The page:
Governor Jay Nixon says a clause in the income tax cut bill he vetoed could have triggered a $1.2 billion run on the state treasury because the cuts could apply retroactively to the last 3 years.
Attorney General Chris Koster agreed with Nixon's legal analysis this past week, as Republicans consider overriding the veto. But the dollar amount projection remains largely hypothetical.
The Missouri bill would trigger a one-half of a percent reduction in state income tax rates if the federal government enacts a measure making it easier for states to collect online sales taxes. That bill has stalled in the U.S. House.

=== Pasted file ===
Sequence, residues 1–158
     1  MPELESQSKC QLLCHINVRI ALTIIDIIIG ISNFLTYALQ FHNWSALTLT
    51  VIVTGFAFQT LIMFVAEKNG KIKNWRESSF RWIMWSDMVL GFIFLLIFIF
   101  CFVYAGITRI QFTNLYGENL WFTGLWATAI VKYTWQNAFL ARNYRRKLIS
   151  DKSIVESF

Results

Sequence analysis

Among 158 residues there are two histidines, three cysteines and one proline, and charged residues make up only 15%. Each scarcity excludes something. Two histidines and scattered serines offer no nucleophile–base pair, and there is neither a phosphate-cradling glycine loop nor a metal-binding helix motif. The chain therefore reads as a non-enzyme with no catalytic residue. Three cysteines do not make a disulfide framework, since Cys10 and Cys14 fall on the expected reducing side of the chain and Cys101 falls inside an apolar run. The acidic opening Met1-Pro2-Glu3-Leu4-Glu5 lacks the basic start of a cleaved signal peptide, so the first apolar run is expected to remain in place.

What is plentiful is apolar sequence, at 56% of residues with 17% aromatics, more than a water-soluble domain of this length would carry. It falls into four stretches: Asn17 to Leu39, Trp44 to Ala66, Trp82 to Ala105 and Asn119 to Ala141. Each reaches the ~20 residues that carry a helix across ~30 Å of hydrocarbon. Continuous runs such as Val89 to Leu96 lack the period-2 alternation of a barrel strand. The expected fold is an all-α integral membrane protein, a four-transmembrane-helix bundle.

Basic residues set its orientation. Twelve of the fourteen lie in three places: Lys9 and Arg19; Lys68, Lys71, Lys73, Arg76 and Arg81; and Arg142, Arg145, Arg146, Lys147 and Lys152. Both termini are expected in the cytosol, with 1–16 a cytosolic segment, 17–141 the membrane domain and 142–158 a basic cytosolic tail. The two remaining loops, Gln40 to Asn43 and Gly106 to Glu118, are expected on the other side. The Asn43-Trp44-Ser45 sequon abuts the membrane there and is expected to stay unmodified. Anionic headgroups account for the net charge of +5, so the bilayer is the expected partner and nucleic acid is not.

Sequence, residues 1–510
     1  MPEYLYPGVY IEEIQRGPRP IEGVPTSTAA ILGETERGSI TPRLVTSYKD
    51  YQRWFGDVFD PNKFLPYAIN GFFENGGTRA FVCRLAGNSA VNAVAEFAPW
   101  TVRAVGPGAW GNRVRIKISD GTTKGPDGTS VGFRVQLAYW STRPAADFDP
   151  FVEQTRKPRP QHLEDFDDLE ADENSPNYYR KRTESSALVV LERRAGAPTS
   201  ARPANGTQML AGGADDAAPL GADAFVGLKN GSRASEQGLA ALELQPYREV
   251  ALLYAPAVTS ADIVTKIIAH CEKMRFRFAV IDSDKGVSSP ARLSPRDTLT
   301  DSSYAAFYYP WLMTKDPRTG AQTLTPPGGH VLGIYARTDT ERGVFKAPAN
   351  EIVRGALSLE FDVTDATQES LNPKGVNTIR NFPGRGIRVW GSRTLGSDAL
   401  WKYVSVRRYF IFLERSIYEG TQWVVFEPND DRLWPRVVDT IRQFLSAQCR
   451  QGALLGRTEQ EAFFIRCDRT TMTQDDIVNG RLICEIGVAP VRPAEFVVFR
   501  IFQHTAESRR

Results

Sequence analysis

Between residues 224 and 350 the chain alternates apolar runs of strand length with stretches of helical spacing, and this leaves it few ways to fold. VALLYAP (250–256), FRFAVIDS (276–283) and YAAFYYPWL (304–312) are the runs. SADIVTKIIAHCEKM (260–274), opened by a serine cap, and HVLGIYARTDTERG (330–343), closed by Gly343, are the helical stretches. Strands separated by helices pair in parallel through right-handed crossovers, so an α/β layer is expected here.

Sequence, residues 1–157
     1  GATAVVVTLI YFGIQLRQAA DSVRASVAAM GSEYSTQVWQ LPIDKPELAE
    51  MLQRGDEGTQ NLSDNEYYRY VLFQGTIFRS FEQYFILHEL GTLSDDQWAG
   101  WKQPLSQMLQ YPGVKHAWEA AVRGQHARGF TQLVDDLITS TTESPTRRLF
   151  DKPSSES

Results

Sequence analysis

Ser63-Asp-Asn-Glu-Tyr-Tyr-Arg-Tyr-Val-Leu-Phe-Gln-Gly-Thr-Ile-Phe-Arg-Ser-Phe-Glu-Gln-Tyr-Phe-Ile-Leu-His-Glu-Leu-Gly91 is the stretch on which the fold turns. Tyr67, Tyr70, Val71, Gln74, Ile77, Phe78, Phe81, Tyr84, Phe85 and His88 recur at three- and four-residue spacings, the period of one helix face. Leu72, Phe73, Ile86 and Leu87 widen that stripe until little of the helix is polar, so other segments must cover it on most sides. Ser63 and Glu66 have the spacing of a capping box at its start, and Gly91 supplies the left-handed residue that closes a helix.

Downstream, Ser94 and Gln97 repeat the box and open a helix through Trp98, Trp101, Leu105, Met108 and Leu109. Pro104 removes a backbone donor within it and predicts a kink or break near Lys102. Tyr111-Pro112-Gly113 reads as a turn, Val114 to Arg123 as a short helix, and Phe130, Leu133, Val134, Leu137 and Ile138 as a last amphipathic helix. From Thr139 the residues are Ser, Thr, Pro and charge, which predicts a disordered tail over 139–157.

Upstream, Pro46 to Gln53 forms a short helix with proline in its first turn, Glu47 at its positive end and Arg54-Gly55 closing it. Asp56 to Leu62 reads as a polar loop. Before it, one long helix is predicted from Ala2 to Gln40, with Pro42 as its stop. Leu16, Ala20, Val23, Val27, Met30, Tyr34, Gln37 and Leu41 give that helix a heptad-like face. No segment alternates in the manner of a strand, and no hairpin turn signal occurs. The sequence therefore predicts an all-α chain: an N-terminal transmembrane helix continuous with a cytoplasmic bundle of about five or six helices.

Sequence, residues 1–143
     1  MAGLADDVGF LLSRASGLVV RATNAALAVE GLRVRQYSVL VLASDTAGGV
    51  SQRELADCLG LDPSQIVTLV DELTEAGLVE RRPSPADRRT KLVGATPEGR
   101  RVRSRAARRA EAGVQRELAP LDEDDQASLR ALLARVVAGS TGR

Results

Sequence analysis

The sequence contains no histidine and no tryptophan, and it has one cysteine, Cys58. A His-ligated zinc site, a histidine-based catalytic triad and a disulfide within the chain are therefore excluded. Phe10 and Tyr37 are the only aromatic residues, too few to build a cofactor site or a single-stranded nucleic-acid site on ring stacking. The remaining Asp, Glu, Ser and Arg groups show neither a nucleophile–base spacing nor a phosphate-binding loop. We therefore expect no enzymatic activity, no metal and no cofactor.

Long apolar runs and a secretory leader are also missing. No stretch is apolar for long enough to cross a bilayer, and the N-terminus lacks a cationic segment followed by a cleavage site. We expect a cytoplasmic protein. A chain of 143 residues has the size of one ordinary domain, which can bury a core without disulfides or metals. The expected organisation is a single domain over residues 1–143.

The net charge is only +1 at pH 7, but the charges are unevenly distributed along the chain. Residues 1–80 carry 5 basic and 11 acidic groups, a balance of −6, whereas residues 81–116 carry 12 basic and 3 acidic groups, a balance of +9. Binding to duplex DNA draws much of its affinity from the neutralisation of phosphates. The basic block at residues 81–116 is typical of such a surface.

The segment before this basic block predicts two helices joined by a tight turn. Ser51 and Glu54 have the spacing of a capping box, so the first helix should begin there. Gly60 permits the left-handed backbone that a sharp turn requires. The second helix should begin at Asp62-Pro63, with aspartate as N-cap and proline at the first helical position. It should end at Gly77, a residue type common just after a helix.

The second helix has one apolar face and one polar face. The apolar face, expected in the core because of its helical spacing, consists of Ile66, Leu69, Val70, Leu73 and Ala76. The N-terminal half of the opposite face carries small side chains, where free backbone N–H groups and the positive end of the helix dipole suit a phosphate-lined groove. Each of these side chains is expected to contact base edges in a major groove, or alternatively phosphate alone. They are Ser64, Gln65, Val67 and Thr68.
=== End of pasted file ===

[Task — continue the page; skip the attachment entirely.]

Originally published on Fri August 30, 2013 4:35 pm
So far, there has not been a ground swell of support for the idea of a special legislative session in Missouri to pass an alternate version of the tax cut bill vetoed earlier this year by Governor Jay Nixon (D).
A new report by the Department of Mental Health, or DMH, found the department would have to cut 87 million dollars annually. Federal matching funds would also be lost, which brings that number to approximately $164 million per year.
Speaking at the Autism Center for Diagnosis and Treatment at Southeast Missouri State University, Nixon said that would permanently undermine the state’s ability to fund mental health services.